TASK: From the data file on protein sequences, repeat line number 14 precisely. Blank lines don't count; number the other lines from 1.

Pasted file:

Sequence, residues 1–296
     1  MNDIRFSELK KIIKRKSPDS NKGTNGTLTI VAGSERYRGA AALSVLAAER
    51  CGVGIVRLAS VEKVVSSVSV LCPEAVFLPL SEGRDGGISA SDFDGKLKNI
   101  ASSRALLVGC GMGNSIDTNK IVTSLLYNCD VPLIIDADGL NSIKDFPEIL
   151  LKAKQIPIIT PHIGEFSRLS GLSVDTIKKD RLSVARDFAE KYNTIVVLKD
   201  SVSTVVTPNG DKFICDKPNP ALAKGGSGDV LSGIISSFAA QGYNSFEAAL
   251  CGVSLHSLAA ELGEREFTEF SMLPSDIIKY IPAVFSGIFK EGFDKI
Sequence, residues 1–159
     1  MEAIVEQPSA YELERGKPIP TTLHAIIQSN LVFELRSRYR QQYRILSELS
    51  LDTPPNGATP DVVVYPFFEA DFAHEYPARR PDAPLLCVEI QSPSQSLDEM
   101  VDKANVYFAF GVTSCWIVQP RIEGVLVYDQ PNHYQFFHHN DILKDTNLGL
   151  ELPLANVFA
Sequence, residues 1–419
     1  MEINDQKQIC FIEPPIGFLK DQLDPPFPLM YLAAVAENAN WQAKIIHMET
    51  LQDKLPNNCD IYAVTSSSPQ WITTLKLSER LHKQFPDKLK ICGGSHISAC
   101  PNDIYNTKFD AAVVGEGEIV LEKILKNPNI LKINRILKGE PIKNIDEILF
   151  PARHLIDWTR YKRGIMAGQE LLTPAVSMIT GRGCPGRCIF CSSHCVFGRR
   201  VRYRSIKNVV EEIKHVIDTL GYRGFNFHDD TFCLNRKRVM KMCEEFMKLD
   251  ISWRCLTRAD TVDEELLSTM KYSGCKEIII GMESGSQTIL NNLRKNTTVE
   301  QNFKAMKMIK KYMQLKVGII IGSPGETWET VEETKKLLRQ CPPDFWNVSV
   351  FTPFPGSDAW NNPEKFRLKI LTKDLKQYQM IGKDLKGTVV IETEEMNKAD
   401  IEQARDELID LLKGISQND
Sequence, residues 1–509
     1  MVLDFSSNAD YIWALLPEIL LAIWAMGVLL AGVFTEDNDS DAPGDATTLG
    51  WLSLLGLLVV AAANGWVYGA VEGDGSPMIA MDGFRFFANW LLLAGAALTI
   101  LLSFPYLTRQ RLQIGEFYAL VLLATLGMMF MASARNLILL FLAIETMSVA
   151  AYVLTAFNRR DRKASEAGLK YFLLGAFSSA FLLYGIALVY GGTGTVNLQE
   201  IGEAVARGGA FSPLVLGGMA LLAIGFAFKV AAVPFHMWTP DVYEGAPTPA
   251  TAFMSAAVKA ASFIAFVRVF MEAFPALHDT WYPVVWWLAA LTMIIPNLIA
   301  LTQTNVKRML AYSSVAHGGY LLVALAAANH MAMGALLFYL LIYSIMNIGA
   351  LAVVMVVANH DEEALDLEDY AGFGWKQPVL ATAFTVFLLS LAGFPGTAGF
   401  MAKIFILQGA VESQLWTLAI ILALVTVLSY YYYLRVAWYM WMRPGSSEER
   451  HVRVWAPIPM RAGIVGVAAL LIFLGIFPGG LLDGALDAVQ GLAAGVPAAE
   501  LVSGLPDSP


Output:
     1  MEINDQKQIC FIEPPIGFLK DQLDPPFPLM YLAAVAENAN WQAKIIHMET